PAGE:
In recognition of the difficulties posed by affordability challenges in the Bay Area, the president also announced creation of an Affordability Task Force that will analyze, by the second quarter of 2019, steps the university can take to address the financial challenges facing members of the campus community, especially in the areas of housing and transportation.
At the foundation of the new vision outlined by the president are the core mission and values used to create the initiatives and to sustain efforts through their implementation. The president used the cardinal points of a compass as a metaphor for expressing the university’s mission and values, noting that, if it acts purposefully amidst accelerated change, Stanford has the responsibility to help navigate a dynamic future for the region and the world.
“We believe that Stanford’s can-do spirit, our optimism and our track record of innovation position us strongly to help society navigate this dynamic future,” he said.
Among the values Tessier-Lavigne outlined were anchoring the university’s education and research in ethics and human welfare. Another Stanford value is boldness, which, suffused with humility, makes the university eager to collaborate and learn from others. And at its foundation, he said, the university must always stay true to its values, including integrity, diversity, respect, freedom of inquiry and expression, tenacity and optimism.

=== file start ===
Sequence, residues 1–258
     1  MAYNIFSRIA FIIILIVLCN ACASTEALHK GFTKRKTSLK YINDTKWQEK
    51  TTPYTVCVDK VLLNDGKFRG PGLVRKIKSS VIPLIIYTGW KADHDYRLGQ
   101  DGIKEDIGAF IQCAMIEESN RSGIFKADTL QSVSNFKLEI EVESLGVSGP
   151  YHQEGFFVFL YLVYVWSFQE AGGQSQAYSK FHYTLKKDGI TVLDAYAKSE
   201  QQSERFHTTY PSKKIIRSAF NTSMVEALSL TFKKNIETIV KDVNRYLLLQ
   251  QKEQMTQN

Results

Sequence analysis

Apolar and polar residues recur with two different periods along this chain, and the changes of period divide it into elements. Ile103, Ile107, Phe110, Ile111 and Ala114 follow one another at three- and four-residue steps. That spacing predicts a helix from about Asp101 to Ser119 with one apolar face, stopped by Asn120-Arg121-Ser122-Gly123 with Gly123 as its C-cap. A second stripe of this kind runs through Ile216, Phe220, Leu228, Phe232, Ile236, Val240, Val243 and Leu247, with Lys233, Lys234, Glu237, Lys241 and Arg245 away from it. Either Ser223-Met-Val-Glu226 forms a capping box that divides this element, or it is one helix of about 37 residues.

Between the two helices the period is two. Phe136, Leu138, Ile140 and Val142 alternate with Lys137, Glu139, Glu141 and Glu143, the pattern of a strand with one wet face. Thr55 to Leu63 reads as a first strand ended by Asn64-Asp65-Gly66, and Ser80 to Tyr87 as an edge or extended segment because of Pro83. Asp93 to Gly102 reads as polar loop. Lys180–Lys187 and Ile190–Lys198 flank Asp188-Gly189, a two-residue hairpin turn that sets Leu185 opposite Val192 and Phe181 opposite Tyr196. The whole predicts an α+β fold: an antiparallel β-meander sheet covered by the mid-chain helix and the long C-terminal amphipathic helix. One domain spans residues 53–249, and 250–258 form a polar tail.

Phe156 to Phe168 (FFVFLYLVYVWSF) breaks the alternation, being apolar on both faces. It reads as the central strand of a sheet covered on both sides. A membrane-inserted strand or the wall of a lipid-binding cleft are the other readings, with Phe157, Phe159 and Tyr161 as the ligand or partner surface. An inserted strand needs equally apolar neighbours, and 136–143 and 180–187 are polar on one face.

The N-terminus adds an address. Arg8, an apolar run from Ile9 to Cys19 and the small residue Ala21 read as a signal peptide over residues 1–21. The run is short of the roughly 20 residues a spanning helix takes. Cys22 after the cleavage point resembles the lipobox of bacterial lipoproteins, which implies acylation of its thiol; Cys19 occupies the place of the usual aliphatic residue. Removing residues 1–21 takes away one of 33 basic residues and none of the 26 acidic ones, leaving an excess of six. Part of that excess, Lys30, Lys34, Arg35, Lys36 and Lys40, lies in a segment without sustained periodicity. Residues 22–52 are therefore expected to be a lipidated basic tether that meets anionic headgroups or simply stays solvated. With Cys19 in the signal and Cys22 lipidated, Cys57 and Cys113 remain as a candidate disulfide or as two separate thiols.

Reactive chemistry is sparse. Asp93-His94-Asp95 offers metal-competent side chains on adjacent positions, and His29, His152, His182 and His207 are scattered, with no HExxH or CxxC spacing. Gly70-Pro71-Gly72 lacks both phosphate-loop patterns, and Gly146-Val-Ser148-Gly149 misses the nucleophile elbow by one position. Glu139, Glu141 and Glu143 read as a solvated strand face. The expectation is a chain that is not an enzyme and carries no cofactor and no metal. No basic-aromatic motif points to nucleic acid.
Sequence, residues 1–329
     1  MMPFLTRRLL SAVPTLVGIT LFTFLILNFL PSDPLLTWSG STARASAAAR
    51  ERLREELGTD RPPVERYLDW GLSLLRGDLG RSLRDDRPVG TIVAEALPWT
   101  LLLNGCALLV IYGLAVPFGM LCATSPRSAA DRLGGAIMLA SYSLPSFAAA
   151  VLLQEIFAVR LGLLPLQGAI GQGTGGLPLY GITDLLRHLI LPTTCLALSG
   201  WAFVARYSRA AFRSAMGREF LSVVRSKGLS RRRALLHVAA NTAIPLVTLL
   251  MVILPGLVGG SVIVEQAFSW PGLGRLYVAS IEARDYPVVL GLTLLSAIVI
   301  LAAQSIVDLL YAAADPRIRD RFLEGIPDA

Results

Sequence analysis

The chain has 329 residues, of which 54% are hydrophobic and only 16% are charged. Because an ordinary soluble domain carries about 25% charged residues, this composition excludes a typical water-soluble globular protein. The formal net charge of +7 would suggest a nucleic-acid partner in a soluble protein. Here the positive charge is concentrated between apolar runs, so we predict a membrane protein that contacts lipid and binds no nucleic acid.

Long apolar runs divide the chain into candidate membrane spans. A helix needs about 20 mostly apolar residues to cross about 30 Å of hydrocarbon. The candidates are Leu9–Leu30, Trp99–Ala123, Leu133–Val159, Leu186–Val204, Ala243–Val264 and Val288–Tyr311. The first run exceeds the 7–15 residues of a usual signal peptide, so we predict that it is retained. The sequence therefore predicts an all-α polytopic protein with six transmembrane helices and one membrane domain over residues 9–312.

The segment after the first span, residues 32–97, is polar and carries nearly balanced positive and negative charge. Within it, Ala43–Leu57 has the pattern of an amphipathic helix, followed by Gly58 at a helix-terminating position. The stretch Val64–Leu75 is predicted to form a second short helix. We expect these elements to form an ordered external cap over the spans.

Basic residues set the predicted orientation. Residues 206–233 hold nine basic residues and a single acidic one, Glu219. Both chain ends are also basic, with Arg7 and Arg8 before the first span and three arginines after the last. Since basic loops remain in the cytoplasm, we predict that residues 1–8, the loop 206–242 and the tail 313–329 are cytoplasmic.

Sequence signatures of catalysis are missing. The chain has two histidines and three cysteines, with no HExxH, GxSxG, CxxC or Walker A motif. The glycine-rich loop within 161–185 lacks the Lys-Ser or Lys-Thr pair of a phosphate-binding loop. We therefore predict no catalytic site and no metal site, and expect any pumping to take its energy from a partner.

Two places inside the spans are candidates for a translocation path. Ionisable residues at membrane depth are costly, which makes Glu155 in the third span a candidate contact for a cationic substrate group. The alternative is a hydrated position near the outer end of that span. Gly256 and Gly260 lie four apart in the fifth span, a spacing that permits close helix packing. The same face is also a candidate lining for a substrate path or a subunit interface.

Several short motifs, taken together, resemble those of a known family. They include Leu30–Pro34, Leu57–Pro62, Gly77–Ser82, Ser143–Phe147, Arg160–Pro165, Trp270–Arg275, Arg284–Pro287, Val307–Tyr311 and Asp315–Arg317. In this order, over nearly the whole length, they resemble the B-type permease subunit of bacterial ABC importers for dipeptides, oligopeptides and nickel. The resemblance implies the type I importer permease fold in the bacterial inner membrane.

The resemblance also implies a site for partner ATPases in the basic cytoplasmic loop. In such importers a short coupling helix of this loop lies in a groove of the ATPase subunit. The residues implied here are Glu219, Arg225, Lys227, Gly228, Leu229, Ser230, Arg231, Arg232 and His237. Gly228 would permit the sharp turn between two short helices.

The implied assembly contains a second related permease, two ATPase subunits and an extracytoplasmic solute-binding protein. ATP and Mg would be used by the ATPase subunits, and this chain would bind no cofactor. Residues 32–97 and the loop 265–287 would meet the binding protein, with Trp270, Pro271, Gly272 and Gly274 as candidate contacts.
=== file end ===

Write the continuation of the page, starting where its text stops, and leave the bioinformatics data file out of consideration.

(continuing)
The university’s values support a mission to extend the frontier of knowledge and solve real-world problems, to prepare students to think broadly and critically and to contribute to the world, and to use Stanford’s strengths to benefit the region, nation and world.
The university, he noted, is already a leader in many of the areas included in the vision and initiatives, given its history of embracing new ways of thinking and its consistent pursuit of its mission of research, education and service. He noted that Stanford’s improbable transformation from a Palo Alto farm to the “university of high degree” envisioned by the founders required “intellectual capability, pioneering spirit, can-do attitude and optimism for the future.”